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Canine Behavior/dog urinating on hand

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Question
QUESTION: My male English springer spaniel(3yo)urinated on a family members hand.Does my dog have a territorial issue.If it helps we live in a forested area with a lot of deer.

ANSWER: I need A LOT more information:

What was your family member's hand doing in a position where the dog could urinate on it?

Has the dog ever urinated (deliberately, leg lifting) on anyone else?

Does the dog mark your house (indoors)?

Is the dog neutered?

Is this a hunting dog or a pet/companion?

Is it possible your family member had recently handled (although it is not hunting season) any pheromones intended to attract bucks?

Would you consider this dog absolutely, reliably house trained?

What did YOU DO when this event occurred and how did the DOG REACT?

Thank you.


---------- FOLLOW-UP ----------

QUESTION: Well the family member was laying his hand out watching tv,he thought the dog was coming over to lay next to him..dogs never urinated on anyone before,is house trained,has been neutered ,is a pet and not a hunting dog.no pheremones,when the dog urinated on the family members hand,we immediately put it in its cage,and the dog reacted with normal calm behavior.

Answer
This is one of those profound mysteries you read about in books LOLOL!!!  Can't help but laugh, really.

Putting the dog in the crate meant nothing to him.  If you can count to ten, the connection between event and next event is lost on a dog.  He may have been making a statement of social hierarchy here but there's no way I can explain it, really.  Frankly, in all the years I've been doing this, I've had clients whose dogs urinated on people (pant legs mostly), but never a hand casually lying in front of a TV.  Quite possible the dog did not recognize the "HAND" as part of a Human person (in fact, very possible) and thought it prudent to make a statement about it this questionable object.  I wouldn't worry about it.  It is pretty funny, you have to admit (although I'm sure the relative didn't find it so at the time).

Canine Behavior

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Jill Connor, Ph.D.

Expertise

I have spent my entire professional life rehabilitating the behavior of the domestic dog and I can answer any question regarding any behavior problem in any breed dog. I have answered more than 5,000 QUESTIONS on this site in the past (almost) eight years. If you are a caring, committed owner and need advice, I'm here for you. I am personally acquainted with my colleagues (Turid Rugaas, Ian Dunbar, etc.) who were members of an elite group in EGroups that I founded: K9Shrinks. THERE ARE NO QUICK FIXES for serious behavioral issues; not only is it unprofessional to offer same, it is also unethical. IF I ASK YOU SUBSEQUENT QUESTIONS, I NEED YOU TO INTERACT WITH ME. More information equals more credible answers and a more successful outcome. If you want ANSWERS THAT WORK, participate in any way I request. I'm quite committed to working on this site for YOUR benefit and the benefit of YOUR DOG. Help me in any way you can.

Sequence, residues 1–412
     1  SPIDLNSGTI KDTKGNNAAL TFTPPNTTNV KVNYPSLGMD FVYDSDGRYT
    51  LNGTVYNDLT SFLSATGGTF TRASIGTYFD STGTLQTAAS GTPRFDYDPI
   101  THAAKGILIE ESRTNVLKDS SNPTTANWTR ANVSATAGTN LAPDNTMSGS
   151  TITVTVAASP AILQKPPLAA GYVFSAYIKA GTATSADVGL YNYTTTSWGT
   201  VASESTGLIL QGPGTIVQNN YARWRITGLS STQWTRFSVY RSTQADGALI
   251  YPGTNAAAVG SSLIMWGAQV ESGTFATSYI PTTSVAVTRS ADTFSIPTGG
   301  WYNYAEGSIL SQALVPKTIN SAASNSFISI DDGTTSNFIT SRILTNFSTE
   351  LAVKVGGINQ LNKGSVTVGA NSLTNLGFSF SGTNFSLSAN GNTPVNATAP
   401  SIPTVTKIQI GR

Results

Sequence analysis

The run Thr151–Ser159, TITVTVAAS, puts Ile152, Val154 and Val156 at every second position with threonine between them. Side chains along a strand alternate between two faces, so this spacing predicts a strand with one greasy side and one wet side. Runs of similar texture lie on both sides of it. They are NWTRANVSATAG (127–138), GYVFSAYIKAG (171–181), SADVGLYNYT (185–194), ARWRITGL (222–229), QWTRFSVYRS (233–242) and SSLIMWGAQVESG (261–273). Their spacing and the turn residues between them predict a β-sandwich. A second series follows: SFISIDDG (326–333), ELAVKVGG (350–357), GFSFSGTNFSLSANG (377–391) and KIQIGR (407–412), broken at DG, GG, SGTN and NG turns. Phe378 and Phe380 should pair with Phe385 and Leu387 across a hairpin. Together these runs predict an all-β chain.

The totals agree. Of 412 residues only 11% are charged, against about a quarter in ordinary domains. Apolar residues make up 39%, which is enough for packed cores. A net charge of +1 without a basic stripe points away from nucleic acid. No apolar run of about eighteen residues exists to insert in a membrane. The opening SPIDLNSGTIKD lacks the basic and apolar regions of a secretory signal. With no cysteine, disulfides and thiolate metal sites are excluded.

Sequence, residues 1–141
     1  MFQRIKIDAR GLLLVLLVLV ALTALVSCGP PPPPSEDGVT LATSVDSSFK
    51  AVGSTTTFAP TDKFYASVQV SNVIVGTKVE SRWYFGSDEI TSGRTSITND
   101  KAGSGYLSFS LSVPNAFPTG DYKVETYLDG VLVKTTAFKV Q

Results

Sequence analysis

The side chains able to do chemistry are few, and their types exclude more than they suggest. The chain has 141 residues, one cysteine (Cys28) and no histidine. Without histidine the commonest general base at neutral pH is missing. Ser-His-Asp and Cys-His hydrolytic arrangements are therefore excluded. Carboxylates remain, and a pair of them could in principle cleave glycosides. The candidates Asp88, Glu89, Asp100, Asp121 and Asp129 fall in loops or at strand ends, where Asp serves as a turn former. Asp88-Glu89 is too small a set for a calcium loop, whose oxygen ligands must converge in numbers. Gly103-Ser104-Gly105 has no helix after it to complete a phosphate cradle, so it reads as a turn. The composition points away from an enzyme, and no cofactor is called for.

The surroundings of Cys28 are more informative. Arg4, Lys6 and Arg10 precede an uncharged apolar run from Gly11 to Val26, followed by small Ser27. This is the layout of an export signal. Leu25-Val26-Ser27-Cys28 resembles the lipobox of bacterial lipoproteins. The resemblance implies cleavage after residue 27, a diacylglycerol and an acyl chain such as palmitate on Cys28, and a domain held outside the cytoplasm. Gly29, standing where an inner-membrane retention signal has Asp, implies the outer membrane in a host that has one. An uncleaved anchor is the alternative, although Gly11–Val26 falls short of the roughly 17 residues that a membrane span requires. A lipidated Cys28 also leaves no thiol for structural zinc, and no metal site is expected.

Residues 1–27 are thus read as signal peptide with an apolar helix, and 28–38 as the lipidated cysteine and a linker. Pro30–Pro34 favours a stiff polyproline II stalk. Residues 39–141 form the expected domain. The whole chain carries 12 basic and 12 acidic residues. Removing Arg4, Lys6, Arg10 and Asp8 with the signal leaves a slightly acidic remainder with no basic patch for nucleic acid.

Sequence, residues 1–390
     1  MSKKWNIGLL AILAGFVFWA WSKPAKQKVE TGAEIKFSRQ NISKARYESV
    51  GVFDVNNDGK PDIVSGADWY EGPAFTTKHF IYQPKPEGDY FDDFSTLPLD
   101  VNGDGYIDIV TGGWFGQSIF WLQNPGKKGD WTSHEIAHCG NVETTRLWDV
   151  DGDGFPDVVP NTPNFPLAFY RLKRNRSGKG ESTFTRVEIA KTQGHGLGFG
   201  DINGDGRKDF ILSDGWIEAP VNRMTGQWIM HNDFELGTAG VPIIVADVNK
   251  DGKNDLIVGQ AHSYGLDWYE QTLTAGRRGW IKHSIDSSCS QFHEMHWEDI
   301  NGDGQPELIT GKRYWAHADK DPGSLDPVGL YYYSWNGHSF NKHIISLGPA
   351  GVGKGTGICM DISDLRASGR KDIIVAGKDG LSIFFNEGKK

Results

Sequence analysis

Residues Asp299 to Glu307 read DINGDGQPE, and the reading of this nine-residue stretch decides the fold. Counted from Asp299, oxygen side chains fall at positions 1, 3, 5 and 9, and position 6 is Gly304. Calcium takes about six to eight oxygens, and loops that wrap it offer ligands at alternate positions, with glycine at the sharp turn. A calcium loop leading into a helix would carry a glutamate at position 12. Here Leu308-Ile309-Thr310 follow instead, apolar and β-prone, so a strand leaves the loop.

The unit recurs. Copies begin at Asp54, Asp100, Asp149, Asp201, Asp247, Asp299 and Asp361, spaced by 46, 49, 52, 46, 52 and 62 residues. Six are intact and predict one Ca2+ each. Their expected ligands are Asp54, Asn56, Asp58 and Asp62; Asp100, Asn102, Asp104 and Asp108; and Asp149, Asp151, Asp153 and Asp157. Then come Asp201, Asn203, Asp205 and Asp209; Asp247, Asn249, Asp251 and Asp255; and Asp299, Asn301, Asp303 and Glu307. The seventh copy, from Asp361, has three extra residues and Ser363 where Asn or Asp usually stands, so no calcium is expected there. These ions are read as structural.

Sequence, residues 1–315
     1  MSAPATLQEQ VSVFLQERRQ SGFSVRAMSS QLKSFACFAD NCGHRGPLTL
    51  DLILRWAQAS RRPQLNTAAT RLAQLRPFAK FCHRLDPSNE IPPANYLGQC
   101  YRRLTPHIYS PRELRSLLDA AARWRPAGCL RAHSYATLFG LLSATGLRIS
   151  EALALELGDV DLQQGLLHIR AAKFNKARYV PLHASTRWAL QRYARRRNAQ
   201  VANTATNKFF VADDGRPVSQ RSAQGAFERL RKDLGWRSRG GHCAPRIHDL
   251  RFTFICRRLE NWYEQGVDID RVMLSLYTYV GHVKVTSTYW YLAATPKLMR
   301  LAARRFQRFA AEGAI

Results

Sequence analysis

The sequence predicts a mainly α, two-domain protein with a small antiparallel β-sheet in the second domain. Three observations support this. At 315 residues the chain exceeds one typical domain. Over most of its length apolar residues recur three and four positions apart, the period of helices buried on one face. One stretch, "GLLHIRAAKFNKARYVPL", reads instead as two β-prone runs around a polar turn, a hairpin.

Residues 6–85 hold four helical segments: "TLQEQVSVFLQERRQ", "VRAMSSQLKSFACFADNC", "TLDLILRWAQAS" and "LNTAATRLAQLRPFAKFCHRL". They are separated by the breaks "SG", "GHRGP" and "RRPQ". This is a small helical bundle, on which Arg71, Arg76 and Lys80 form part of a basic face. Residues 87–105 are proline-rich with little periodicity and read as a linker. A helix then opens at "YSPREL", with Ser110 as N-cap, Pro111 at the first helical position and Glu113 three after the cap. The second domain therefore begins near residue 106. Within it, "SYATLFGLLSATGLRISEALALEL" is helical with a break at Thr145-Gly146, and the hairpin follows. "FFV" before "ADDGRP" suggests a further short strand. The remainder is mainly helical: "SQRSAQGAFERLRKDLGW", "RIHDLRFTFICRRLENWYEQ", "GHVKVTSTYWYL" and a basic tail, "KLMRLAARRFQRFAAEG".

Experience

30 years of solving serious behavior problems in domestic dogs; expert in dog to human aggression; Internet columnist for ThePetChannel.com for 5 years; former radio talk show host, WHPC.FM, Garden City, NY "Bite Back" (1995 through 2000). List owner, international animal behavior experts, K9Shrinks@egroups.com. Seminar leader: "Operant Conditioning and Learning"; "Aggression in The Domestic Dog"; "Solving Problem Behaviors" -- conducted for various training facilities on Long Island from 1993 through 2000. Former clinical director of "Behavioral Abnormalities" in conjunction with Mark Beckerman, DVM, Hempstead, New York.

Organizations
Member, APDT (UK); Psychologists in Ethical Treatment with Animals

Publications
Harcourt Brace Learning Direct: "The Business of Dog Training" "The Fail Safe Dog: Brain Training, not Pain Training"

Education/Credentials
Ph.D., UC Berkeley

Past/Present Clients
Board of Directors: Northeast Dog Rescue Connection; The Dog Project; Sav-A-Dog Foundation; etc. Pro Bono counselor: Little Shelter Humane Society My practice is presently limited to forensics. I diagnose cause of dog bite, based upon testimony before the Court, for attorneys and insurance companies litigating dog bites, including fatal injuries. I also do pro bono work for bona fide rescue organizations, humane societies, et al, regarding such analysis in an effort to obtain release for dogs being held for death in municipal shelters in the US.

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